I just clicked on an article title that looked interesting. That was the end of my interest.
When I got to the website that hosted the article, I quickly scanned it to see how long it would take to read (anyone else do that?). My only impression — “there’s so much to read!”
Maybe there wasn’t. But it was laid out in very long paragraphs. The immediate impression was “no way to scan”. Followed by “doesn’t look like it’s worth reading”.
That is certainly not how you want people to respond after clicking on a link to your article. The whole point is to get your article read.
What to do? 3 tips:
1. Make content reader-friendly.
Take that copy and break it up into small, digestible chunks. Keep paragraphs short – 4 lines is ideal. 3 or 5 lines works too.
Reading online can be challenging. Make it easy on the eyes.
2. Use subheads.
Nothing like boldface copy to break up a sea of Helvetica. Subheads allow readers to scan your content quickly. They can hone in on areas of interest or decide whether the article is of value or not.
3. Use a font that’s easy to read on a screen.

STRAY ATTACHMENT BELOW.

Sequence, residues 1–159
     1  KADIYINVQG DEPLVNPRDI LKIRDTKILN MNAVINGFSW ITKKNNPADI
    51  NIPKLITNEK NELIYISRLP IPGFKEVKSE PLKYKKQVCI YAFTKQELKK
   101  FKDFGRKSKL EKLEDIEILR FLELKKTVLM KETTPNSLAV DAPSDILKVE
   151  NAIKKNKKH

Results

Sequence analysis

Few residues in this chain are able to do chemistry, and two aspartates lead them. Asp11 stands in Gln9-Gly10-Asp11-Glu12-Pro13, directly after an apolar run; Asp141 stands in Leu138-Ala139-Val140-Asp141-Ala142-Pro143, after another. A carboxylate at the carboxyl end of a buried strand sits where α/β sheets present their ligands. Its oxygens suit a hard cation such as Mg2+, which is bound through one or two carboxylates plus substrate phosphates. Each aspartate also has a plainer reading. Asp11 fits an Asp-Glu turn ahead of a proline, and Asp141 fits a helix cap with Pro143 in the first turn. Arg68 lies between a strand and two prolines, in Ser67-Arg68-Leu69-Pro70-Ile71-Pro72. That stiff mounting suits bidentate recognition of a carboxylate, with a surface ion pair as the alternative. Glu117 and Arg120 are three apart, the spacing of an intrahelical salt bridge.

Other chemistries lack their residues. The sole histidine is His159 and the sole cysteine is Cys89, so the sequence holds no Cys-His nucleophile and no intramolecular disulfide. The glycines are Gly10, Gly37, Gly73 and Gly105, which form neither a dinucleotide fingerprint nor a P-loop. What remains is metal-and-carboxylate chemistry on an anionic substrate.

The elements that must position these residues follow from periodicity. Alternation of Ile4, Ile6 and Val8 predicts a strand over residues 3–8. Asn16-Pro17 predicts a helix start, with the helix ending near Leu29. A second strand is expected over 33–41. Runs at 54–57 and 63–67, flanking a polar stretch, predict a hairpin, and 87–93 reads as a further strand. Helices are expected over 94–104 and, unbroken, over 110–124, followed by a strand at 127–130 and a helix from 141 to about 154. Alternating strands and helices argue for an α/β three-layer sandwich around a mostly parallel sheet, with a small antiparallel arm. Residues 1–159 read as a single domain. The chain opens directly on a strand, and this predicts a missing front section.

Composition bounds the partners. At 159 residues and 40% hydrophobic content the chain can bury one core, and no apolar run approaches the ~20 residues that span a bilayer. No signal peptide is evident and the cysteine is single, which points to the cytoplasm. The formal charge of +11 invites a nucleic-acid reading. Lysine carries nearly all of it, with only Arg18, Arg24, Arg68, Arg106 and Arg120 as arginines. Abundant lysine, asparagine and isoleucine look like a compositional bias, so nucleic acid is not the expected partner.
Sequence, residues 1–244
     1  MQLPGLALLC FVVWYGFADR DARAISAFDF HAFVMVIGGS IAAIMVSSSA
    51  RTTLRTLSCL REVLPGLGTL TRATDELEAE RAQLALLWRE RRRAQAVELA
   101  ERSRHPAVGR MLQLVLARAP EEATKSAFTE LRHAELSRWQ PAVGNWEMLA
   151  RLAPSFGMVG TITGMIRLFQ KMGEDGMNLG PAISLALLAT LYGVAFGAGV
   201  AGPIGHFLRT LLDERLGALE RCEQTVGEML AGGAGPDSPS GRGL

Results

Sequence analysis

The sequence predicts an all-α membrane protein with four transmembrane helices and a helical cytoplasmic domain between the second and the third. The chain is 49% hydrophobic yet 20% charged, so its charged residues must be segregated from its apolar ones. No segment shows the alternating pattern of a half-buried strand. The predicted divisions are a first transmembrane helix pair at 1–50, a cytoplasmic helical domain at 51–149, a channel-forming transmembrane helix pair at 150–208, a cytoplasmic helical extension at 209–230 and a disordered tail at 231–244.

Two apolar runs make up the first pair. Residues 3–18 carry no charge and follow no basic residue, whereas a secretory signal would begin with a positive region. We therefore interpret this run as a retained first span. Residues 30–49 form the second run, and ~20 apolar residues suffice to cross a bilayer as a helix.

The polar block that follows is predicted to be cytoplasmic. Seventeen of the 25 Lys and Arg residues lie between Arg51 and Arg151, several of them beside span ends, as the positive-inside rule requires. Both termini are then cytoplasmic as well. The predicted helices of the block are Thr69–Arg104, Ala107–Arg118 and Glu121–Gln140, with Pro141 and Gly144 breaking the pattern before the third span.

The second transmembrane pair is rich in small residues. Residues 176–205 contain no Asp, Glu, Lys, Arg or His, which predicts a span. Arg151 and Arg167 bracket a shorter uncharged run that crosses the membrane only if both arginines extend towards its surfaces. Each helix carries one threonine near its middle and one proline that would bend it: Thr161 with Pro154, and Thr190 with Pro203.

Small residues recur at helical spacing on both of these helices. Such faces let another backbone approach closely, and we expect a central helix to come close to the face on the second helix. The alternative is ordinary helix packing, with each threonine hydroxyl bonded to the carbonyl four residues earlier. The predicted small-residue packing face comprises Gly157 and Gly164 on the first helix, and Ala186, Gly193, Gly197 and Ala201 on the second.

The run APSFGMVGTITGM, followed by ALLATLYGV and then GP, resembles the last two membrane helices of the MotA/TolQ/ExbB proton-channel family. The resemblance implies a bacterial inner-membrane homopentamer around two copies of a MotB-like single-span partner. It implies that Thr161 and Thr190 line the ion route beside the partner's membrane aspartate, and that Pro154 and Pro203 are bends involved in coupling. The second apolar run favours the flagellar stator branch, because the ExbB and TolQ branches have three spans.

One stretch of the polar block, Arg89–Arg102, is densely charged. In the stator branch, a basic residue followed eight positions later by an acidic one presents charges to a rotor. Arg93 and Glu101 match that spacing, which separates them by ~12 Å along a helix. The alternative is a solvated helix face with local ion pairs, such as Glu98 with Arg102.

Sans serif typefaces are generally the easiest to read online. Sans serif refers to fonts that are clean and modern with no little wings extending from the letters. Think Arial, Geneva and Helvetica.
Serif typefaces have little wings or decorative strokes at the end of a letter. Think Times Roman, Baskerville and Georgia.
While I’ve heard people say that Arial 12 pt. is an ideal font for reading online, that’s not necessarily so. Both serif and sans serif typefaces can be easy to read on a screen based on a few attributes:
- Is the weight of the type heavy enough to read online?
- Is the type color legible (think black type on a busy, dark colored background or reverse type on a light background)?
- Is the font size large enough to be legible? Not just on a laptop screen but on a mobile device as well.
In case you’re wondering, the copy you’re reading uses a sans serif typeface. The blog post headline is serif. Mixing typefaces can enhance the reader experience…. if you don’t get carried away.
One other point to consider……
does the typeface fit the content? This is less important in an article unless the article is on your website. In that case, the typeface should fit the tone and mood of your product or service.
For example, a fussy, decorative typeface is not what you’d want to use if you’re selling a sleek modern product. But it would work well on a site about historic buildings or period costumes.
I love how UrbanFonts.com defines the best font choice: “….ones where readers do not notice the font but the message.” Perfect. Use a font that enables a reader to simply READ the copy!
After all, that is why you’ve written your article.
Image courtesy of stockimages at FreeDigitalPhotos.net